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Phase II Gallery Exhibits 2006

Invaded Islands

The exhibit contains a selection of educational and research posters and publications on invasive species in Hawaii and other Pacific Islands. The exhibit highlights some current research by University of Hawaii at Manoa faculty on prevention and control of invasive species.

Special thanks to everyone who loaned posters and donated brochures (and luggage tags!) for "Invaded Islands":

Christy Martin, CGAPS - Coordinating Group on Alien Pest Species
Sam Kahng - Department of Oceanography
Celia Smith - Botany Department
Rachel Neville - Oahu Invasive Species Committee
Rob Cowie and Penny Levin - Center for Conservation Research and Training
Miles Hakoda - College of Tropical Agriculture and Human Resources
Amanda Demopoulos - Hawaii Sea Grant (now at Scripps Institution of Oceanography)
Konrad Englberger - Plant Protection Service Micronesia Office, Secretariat of the Pacific Community

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Man'yo Exhibit
New Leaves from the Man'yoshu:
Exhibit of Paintings and Ceramics
by Yasumasa Suzuki and Seiran Suzuki

The Man'yoshu (Collection of ten thousand leaves), is the oldest existing and one of the most highly revered collections of Japanese poetry. The poems invoke the soul of the people of ancient times and they show their special connection to the things of this world, their beauty and meaning. Some of these poems are attributed to the influences of intercultural exchanges between Korea, China and Japan.

The artists, Yasumasa and Seiran Suzuki have reinterpreted these poems and have created a vast collection of bold and modern Japanese-style artwork that bring the beautiful poems to life. Please come and enjoy this inspiring exhibition. In conjunction with the exhibit, Man'yo books from the Asia Collection of the University of Hawaii at Manoa Library will be displayed in the Bridge Gallery.

The exhibit was originally planned two years ago for March 2005. It was canceled after the Flood Disaster. Thanks to the efforts of the Consulate General of Japan in Honolulu, Center for Japanese Studies, Mr. & Mrs. Suzuki and the Library Exhibits Committee, here in the Spring March 2006, we can enjoy the art works by Mr. & Mrs. Suzuki from Japan and books on Man'yo from Hamilton Library.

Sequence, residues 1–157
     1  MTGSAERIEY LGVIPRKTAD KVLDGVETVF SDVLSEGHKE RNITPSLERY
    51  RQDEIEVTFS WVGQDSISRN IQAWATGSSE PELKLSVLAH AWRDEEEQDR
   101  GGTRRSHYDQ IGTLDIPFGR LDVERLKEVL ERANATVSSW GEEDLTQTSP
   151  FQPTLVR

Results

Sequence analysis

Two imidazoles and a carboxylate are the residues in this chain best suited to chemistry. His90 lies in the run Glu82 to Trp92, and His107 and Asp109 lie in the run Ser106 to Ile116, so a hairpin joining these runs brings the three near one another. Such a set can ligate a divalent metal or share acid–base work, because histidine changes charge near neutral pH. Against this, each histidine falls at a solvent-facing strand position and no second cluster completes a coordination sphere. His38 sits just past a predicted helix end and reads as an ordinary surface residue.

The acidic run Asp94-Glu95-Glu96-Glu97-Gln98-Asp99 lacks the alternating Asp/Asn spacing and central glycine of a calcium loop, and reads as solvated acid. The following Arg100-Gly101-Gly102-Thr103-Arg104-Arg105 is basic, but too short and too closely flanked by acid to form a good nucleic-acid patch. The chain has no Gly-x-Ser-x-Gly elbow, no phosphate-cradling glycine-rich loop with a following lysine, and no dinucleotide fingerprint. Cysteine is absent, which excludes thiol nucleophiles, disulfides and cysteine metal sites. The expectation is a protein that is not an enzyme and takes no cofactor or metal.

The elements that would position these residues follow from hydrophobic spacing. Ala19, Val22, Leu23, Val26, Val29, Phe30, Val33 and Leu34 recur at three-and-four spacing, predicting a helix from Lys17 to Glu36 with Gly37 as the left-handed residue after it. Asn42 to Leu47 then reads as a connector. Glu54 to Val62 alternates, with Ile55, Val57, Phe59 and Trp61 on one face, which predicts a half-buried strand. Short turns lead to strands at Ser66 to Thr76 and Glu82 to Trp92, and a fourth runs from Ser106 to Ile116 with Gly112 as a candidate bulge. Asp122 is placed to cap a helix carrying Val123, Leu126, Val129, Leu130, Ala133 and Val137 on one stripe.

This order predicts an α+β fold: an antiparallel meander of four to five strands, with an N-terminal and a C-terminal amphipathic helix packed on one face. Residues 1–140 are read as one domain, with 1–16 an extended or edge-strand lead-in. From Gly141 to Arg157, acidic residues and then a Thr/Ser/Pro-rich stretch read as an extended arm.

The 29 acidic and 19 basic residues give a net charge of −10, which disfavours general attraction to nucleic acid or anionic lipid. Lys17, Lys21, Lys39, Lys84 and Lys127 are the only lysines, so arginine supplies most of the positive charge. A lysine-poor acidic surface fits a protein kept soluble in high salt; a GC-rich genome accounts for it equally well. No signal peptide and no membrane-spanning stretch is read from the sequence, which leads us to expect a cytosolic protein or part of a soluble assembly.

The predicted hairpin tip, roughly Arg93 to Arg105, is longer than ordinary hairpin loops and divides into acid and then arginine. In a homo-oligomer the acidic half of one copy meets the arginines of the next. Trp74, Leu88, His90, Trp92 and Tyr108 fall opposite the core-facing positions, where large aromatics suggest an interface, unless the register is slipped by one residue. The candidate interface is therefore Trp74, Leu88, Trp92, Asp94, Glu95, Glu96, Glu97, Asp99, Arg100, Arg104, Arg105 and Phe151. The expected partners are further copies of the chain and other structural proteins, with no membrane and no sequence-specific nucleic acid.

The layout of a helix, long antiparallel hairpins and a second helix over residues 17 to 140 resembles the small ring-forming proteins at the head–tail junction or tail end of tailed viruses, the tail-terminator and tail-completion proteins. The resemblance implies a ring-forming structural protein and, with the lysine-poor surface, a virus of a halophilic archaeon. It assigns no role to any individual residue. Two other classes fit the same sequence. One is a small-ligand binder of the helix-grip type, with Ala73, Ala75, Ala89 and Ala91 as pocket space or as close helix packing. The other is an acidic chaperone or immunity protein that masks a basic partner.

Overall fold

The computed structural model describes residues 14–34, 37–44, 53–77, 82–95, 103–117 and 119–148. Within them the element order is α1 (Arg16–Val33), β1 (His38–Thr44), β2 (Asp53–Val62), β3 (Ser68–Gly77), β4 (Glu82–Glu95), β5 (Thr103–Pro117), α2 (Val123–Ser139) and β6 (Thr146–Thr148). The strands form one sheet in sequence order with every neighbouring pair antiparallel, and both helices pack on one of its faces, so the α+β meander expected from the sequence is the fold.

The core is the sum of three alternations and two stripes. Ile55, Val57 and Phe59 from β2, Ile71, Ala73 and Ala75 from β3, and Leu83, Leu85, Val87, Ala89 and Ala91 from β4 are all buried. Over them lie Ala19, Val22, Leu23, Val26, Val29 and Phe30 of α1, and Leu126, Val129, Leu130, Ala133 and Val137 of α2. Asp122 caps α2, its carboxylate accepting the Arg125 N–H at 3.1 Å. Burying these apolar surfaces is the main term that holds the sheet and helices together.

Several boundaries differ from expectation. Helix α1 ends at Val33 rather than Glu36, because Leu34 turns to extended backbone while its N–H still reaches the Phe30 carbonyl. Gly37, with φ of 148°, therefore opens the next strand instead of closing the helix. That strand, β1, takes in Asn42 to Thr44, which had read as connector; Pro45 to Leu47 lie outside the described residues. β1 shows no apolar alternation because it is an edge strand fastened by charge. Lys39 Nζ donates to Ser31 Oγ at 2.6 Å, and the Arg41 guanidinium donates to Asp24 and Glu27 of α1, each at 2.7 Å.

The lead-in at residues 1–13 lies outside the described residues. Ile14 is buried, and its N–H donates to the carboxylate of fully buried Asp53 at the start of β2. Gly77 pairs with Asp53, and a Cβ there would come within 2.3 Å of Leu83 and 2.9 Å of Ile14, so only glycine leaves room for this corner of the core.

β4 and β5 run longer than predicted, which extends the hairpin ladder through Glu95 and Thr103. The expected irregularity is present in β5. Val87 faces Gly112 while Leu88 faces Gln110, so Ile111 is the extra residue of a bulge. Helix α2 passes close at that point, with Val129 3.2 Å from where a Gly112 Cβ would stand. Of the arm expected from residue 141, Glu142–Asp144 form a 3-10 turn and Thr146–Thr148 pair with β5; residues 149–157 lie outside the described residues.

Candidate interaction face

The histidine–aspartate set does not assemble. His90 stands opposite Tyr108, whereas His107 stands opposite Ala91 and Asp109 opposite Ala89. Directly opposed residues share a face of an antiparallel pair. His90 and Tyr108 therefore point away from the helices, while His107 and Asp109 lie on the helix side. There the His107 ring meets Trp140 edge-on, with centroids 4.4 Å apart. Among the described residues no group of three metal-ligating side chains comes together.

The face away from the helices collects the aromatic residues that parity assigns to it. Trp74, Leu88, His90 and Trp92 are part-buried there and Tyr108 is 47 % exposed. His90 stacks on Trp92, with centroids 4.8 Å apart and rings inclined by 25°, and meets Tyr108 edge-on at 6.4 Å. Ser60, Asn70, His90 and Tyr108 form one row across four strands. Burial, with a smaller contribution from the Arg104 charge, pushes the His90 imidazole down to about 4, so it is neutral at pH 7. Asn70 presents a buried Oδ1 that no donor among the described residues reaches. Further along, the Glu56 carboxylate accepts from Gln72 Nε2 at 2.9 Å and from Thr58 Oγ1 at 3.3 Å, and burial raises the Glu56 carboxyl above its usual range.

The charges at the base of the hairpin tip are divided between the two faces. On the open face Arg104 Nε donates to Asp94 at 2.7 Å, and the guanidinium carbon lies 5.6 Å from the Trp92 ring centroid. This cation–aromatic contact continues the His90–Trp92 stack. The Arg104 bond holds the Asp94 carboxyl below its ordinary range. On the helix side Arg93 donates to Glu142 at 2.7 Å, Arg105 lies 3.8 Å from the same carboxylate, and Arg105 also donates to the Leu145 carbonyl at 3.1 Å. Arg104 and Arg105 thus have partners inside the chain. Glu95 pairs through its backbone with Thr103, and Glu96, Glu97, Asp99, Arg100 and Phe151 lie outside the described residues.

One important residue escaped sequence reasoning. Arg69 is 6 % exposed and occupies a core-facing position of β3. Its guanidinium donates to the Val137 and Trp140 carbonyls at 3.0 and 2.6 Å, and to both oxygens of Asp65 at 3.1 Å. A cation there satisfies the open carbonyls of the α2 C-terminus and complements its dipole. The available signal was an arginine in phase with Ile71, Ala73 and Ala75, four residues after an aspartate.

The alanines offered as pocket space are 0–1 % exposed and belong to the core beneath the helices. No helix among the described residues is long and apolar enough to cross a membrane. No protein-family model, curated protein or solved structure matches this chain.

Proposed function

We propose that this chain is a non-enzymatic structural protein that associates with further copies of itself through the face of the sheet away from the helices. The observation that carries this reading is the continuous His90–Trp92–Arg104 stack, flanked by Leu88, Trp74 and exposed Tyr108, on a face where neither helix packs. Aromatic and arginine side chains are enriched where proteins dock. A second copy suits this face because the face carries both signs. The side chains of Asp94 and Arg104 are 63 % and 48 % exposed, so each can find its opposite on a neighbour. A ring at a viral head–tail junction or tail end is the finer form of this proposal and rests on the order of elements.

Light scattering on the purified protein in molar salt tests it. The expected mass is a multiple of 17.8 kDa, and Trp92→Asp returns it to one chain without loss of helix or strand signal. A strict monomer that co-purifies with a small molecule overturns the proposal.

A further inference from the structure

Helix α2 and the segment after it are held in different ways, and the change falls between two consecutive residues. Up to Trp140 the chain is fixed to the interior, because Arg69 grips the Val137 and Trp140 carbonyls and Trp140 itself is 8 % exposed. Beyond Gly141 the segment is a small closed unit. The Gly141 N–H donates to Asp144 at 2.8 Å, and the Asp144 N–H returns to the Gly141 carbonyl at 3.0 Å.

Special thanks to Kim Mews (mail room), Lynette Teruya (LIS Asia Coll Dept intern), and Masashi Shimonao (Japan Collection assistant, LIS student).

In conjunction with this exhibit, the Center for Japanese Studies will offer a seminar at 3:00 pm on March 9 (Room 319, Moore Hall). This will be a rare opportunity to learn about these ancient poems.

Also, there is a mini lecture about the Man'yoshu at 5:00 pm, the Auditorium of the Center for Korean Studies, Friday, March 3 (Girl's Day), followed by the artists' led gallery tour at Hamilton Library (6-7 pm). You will discover the beautiful Man'yo world and close relationships among China, Korea and Japan in the ancient times.

Texts in Old Japanese: Language and Culture—A Man'yōshū Symposium

Professor Alexander Vovin, of the East Asian Languages and Literatures Department, will lead a symposium featuring presentations on Nara-period culture, religion, philology and linguistics that will help us better understand the world in which the Man'yōshū was created.

Date: March 9, 2006
Time: 3:00-5:00
Place: Tokioka Room (Moore 319)

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Turning the Page 2006
Artists Book Exhibition

January 18, 2006 - February 27, 2006

The "Artists' Book Exhibition," an exhibit of artist's books by members and friends of the Honolulu Printmakers, is on display in Hamilton Library's Bridge Exhibition space and in the display cases near the main elevators on the first floor.

Contemporary artists' books have derived from the tradition of bookbinding. Text and imagery in artist's books are produced in various ways: through drawing, painting, collage, photography, and printmaking processes: including lithography, intaglio, relief and serigraphy, or even through manipulation by xerox or computer. Artist's books may be "one of a kind" or small editions. A book's structure may use traditional binding or it may have an exposed, decorative binding. It may be a soft spined book which forms a "star" when completely opened, a folded "maze" book made from a single sheet of paper, or even individual "pages" which are kept in a unique container.

For more information please call 536-5507 or email laura@honoluluprintmakers.com

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